Wood, even treated lumber, deteriorates surprisingly quickly when wet. Did you know that more than 90 percent of a deck’s wood substructure starts to split and rot around 8-10 years? Rotting wood is a big problem with a simple solution: Joist flashing tape.
What does it do? Simply put, joint tape protects by covering the wood most susceptible to rot: the beams and joists that are just below your deck boards. You may not see them when you’re standing on your deck, but they are critical to its structural integrity.
Builders trust Trex Protect joist tape because it ensures the deck will last. They say:
- “I love Trex Protect. I put it on my own home.”
- “You get the benefit of every screw.”
- “It’s like shingles on the roof. Every single board is covered.”
Deck Joist Tape: Brief Introduction
When you install joist flashing tape, you protect your deck’s joists, double joists, rim joists, beams, ledger boards, and stringers with a thin, waterproof membrane. Deck flashing tape can:
- Help to reduce future maintenance
- Give your deck a longer life
- Protect your deck’s structural integrity
- Hold decking screws and deck fasteners tighter and stronger
Why do You Need Joist Tape?
You probably already know that water on wood equals trouble. Rot can begin quickly when wood stays wet. Many homeowners focus on preventing wood rot by sealing their deck boards. This is important, yet, whether you have sealed your wood deck boards or installed composite decking boards, your wood deck substructure is exposed.
In time, moisture penetration — rain and snow falling between your deck boards’ spacing will create a wet substructure. Leaves and other debris that get trapped on or between the boards can make the situation worse. By creating a moisture barrier and waterproofing with joist tape, your wood will last longer.
Wood can also be damaged when the metal hardware and fasteners in your deck get wet and corrode. This is an even greater danger since the U.S. banned chromate copper arsenate as a preservative for treated lumber. Now companies commonly use alkaline copper quaternary (ACQ) and copper azole (CA-B and CA-C) in lumber treatment, which contains much higher concentrations of copper and can be twice as corrosive for the zinc in galvanized fasteners. Deck joist tape prevents this chemical reaction by creating a barrier between the metal hangers and treated wood. Thus, while flashing tape protects your wood, your deck screws and fasteners will last longer, too.
Types of Joist Tape
There are two primary forms of joist tape: asphalt and butyl. Butyl offers many benefits:
- First, butyl rubber self-adhesive provides a secure bond without the oozing of asphalt adhesive.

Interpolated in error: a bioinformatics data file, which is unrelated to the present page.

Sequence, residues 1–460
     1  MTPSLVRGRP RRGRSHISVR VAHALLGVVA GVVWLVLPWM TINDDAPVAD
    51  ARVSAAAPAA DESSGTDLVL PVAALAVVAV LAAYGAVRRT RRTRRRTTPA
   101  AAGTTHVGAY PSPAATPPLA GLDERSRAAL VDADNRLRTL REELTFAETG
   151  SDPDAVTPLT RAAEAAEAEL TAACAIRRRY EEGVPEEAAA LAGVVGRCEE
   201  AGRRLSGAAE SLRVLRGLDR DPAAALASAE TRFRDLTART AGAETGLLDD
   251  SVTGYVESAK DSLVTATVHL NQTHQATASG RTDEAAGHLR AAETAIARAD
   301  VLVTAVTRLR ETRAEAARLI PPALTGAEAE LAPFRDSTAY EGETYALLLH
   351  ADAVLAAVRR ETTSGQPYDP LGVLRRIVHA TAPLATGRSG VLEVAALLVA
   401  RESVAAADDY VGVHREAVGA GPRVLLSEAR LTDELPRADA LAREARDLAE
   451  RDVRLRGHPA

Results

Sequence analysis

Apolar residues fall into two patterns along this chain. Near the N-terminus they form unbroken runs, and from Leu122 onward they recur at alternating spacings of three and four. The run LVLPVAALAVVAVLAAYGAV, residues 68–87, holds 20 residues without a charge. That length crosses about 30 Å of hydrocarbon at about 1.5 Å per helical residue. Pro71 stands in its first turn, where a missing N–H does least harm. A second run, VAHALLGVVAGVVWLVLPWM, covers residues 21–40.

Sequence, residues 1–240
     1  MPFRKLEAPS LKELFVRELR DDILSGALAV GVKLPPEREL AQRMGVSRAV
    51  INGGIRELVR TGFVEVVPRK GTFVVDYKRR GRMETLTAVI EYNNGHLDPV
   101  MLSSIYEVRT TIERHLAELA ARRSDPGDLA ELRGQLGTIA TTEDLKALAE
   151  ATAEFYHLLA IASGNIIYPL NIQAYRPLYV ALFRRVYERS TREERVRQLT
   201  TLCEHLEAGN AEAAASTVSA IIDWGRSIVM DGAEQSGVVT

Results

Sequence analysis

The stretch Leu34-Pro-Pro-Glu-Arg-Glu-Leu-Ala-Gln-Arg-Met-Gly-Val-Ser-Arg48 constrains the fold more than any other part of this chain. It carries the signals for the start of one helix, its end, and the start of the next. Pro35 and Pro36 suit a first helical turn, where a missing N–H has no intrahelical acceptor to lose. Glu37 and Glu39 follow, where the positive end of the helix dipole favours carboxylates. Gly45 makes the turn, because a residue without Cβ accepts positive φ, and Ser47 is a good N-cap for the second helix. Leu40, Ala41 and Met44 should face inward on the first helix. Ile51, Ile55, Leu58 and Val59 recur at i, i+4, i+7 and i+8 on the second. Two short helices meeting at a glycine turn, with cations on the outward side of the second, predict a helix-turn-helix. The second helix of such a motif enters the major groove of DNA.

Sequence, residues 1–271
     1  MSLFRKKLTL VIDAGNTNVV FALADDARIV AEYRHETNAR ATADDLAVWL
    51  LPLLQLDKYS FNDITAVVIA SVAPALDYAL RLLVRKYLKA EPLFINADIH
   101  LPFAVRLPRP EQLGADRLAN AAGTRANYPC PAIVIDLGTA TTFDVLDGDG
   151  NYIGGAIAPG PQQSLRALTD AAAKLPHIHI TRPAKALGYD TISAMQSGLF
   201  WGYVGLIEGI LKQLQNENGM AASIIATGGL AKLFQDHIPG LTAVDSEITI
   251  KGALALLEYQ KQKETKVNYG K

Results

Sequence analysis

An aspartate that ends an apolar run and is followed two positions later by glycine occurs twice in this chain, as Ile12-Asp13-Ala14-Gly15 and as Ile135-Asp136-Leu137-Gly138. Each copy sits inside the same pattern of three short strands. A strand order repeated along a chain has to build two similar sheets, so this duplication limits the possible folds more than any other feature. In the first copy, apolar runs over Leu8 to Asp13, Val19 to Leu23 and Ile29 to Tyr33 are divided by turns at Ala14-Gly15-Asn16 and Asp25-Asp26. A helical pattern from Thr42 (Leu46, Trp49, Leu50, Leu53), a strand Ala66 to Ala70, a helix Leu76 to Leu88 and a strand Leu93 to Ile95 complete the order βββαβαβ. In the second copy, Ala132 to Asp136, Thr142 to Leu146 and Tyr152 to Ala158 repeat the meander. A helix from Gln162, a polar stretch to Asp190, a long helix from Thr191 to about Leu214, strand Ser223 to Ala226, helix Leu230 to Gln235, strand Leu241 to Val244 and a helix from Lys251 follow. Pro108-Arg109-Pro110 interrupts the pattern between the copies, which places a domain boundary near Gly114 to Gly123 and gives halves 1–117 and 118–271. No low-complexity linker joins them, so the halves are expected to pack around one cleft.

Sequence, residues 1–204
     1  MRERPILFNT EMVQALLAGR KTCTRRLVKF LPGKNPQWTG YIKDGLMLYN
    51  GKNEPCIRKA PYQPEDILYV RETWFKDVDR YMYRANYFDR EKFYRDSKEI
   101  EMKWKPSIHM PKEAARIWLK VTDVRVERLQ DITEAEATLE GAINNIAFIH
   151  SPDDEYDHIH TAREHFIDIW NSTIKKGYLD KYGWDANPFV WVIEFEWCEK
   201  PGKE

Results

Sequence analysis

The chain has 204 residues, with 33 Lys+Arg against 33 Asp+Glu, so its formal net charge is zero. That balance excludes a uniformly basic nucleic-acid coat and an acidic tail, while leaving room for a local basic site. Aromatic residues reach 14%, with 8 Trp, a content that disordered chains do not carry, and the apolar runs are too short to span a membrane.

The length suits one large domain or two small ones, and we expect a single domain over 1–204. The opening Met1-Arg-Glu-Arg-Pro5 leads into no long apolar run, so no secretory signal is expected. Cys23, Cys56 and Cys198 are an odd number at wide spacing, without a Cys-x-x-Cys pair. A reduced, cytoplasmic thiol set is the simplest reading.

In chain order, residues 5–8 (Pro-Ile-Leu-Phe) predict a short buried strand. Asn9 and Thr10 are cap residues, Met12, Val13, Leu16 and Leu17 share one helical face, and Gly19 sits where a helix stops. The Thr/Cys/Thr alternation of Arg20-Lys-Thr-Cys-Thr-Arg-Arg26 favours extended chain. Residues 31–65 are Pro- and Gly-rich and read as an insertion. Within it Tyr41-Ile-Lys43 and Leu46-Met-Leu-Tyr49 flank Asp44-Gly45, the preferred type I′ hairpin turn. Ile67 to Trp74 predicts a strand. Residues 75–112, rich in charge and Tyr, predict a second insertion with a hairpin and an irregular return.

- Second, its peel-and-stick super grip creates a tight seal. This quick animated video shows how simple it is to install, even for a DIY homeowner.
- Butyl tape also seals around screw holes and nails to prevent corrosion and to keep fasteners in place.
- A quality butyl tape won’t bunch up, bind, or tear as easily during installation.
Things to Consider While Selecting One
If you’ve decided to add joist tape to your new deck build, which should you choose? Here are three important factors:
- Material: As mentioned, joist tape comes in acrylic and butyl. Butyl-based tape offers the best protection and durability with the easiest installation. Look at how a quality butyl tape holds up in a three-month water test.
- Installation: With Trex Protect butyl tape you’ll have less trimming and a better fit on your boards. It’s not too thick, which would be difficult to install, or too thin, which is not durable. When installing, choose a day warmer than 40˚F with dry conditions. Tape adheres best to dry surfaces. Press firmly onto the boards; using a hand roller may help to smooth out any wrinkles.
- Price: For just a few dollars more, you can install a durable butyl tape that will give you peace of mind for your deck build. A good manufacturer will back their product: Trex Protect comes with a 20-year warranty. Use this materials estimator to determine how much tape you will need to buy.
If you’re still unsure about types of joist tape, check out this comparison on Decks.com, which includes DeckWise.
Because you must apply deck flashing tape on top of the joist, it is not usually installed on old decks. However, when it’s time to replace your old deck, make flashing tape a priority part of your construction.
What does joist tape do? In summary, it protects, it helps your deck last longer, and it gives you peace of mind. A deck is a perfect home improvement: build it to last.